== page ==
It was okay for some agents to call me singularly old-fashioned, but it worked for nearly four decades for me. My life changed remarkably when the big “C” impacted my family life, and family always has to come first, when all is said and done.

      Stay well.

      Carolyne L

      Sent from my iPhone.

  3. Well said Ted! I agree that especially in this strong sellers market where just about every home is selling quickly and above asking price, there is especially no need to take advantage of these trusting souls. Now thirty years plus in the business I can say I have helped my clients over the years and value the relationships I’ve built with them. As we know repeat business and referrals is what will keep you in the business despite market conditions. Oh yes and you don’t have to constantly try to drum up new clients.

  4. So, those who “charge less” are very happy to take a robust cooperating brokerage commission only possible because of those who charge more. Hypocrisy at its finest.

  5. Great article Ted. Sound advice.

    This money-grab by greedy Realtors just goes to show they believe in the mercenary doctrine as espoused by a U.S. Senator of the Democrat Party persuasion (Harry Reid: now retired) thus: “Never let a crisis go to waste.”

    Scum bags.

    Keep the articles coming!

  6. Thanks, Kim! To be clear, I’m definitely NOT advocating for lower commissions. If you do a great job for your clients, you deserve to be paid well for your hard work. Please refer to my previous article.

  7. I Absolutely AGREE Ted! Thank you for an article that finally makes sense! I’m sure I will be one of the only Realtors who agrees with it, unfortunately. Great Job for your boldness! Our small team charges a fair commission that comes in lower than most other Realtors. We do it because we are in a sellers market and it is a bit outrageous for the time invested.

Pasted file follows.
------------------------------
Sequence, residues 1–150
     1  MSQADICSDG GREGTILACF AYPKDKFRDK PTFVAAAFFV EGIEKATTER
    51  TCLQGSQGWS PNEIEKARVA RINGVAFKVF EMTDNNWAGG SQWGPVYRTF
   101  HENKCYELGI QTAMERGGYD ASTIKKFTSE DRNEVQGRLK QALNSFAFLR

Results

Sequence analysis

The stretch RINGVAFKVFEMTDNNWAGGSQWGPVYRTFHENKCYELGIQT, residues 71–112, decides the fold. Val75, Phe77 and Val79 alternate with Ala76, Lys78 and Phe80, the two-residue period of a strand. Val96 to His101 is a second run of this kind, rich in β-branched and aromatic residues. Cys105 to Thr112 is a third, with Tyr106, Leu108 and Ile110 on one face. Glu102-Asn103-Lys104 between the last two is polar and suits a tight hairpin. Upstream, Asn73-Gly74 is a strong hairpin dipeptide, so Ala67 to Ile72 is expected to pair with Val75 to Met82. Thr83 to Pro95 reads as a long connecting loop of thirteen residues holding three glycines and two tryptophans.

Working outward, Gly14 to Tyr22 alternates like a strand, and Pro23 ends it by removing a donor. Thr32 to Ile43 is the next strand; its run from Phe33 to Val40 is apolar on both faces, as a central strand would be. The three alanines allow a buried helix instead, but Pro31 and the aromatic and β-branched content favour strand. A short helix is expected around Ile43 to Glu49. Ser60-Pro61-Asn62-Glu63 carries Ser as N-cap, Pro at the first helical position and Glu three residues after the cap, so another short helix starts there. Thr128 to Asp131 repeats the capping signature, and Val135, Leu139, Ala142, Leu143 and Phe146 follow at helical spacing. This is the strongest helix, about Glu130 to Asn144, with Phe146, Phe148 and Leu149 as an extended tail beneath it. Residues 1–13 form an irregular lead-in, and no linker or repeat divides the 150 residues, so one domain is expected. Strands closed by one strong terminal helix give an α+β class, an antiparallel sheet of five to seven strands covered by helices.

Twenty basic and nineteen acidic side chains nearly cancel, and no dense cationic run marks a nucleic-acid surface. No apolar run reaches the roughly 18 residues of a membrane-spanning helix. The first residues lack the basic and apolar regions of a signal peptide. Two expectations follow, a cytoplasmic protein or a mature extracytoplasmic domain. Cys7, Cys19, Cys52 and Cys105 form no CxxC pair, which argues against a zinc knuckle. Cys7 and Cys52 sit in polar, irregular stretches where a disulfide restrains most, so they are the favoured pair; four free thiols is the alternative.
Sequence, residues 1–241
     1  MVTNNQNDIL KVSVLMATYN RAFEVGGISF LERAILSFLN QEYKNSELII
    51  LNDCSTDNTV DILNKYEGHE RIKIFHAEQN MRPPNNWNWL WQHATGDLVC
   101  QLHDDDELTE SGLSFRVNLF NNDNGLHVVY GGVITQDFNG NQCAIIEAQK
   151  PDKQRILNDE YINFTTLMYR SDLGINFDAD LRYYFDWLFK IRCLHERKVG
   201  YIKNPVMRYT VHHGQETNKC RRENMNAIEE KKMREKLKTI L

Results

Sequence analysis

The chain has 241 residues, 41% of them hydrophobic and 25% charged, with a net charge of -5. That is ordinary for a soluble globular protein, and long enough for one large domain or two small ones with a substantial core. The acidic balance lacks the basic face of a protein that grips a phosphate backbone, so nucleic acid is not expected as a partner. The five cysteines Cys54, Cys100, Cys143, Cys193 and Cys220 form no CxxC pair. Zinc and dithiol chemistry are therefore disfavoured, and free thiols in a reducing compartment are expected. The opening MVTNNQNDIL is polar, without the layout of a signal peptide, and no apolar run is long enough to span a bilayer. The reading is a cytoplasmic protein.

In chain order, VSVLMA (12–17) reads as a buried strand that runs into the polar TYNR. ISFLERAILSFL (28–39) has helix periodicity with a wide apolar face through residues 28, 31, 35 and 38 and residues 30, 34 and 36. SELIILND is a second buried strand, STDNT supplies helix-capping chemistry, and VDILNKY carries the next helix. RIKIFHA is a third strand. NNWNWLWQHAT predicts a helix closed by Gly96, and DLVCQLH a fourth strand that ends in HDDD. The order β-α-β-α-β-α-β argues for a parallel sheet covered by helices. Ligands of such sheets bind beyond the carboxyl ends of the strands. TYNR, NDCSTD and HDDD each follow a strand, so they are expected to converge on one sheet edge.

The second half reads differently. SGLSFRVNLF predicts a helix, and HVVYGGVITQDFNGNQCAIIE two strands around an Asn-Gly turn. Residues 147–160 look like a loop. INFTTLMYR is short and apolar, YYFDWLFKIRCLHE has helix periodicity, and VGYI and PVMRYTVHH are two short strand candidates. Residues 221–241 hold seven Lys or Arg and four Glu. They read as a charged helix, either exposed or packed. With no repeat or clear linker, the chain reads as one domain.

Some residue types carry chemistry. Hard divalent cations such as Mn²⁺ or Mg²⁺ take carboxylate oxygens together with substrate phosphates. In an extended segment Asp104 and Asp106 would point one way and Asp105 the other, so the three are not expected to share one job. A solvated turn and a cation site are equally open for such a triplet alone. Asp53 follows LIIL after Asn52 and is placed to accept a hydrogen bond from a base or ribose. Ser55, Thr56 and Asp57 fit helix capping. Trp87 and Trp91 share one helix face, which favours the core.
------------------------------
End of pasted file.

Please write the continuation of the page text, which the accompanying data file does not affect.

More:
Other Realtors do use this against us and try to convince the seller that no one will show the home with a bit lower co op commission. Untrue. We are seeing the commission come down in our City even the Realtors that once bad mouthed our structure have lowered their commission. It’s quiet amusing to be honest!

    • Offering a lower buyers commission is a scum move. I followed many properties that have lower co-op commissions in this market. Many have sat on the market for much longer and some ended up with a much lower selling price than comparable sales. If you’re going to cut your commission as you feel you’re not worth that much, that’s fine, but don’t cut the commission of the buyers agent. Some buyers agents are showing upwards of 100 properties and have done dozens of offers and their clients budgets keep getting out bid. For a listing agent to lower the co-op agents value isn’t right in any market. Realtors are the ones that will eventually price themselves out of the industry to the Uber’s and Zillow’s of the world. Just because you don’t hold value doesn’t mean the agents showing your properties don’t give value. The hot market doesn’t last forever and agents will avoid agents who undervalue them. All the small and mega teams offer the full 2.5% in my area in the GTA. I see the 1 to 2.25’s more in smaller communities further outside the GTA on cheap properties, makes no sense to me. I offer services instead of commission cutting, which nets a higher sale price for my clients.